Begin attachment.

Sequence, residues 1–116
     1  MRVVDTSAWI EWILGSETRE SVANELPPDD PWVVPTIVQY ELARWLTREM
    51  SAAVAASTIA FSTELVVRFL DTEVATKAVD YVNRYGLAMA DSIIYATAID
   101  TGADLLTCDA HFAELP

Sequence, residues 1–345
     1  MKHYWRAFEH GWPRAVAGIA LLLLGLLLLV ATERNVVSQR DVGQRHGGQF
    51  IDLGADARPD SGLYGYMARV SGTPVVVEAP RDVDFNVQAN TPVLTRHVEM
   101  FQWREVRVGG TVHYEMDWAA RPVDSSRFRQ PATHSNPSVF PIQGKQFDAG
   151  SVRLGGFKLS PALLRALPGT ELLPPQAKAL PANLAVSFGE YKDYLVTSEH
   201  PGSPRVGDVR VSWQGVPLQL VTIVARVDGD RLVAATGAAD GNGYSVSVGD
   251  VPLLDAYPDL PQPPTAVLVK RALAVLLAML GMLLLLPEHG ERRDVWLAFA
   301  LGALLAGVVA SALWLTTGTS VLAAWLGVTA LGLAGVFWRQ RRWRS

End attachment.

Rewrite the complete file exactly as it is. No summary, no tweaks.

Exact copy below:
Sequence, residues 1–116
     1  MRVVDTSAWI EWILGSETRE SVANELPPDD PWVVPTIVQY ELARWLTREM
    51  SAAVAASTIA FSTELVVRFL DTEVATKAVD YVNRYGLAMA DSIIYATAID
   101  TGADLLTCDA HFAELP

Sequence, residues 1–345
     1  MKHYWRAFEH GWPRAVAGIA LLLLGLLLLV ATERNVVSQR DVGQRHGGQF
    51  IDLGADARPD SGLYGYMARV SGTPVVVEAP RDVDFNVQAN TPVLTRHVEM
   101  FQWREVRVGG TVHYEMDWAA RPVDSSRFRQ PATHSNPSVF PIQGKQFDAG
   151  SVRLGGFKLS PALLRALPGT ELLPPQAKAL PANLAVSFGE YKDYLVTSEH
   201  PGSPRVGDVR VSWQGVPLQL VTIVARVDGD RLVAATGAAD GNGYSVSVGD
   251  VPLLDAYPDL PQPPTAVLVK RALAVLLAML GMLLLLPEHG ERRDVWLAFA
   301  LGALLAGVVA SALWLTTGTS VLAAWLGVTA LGLAGVFWRQ RRWRS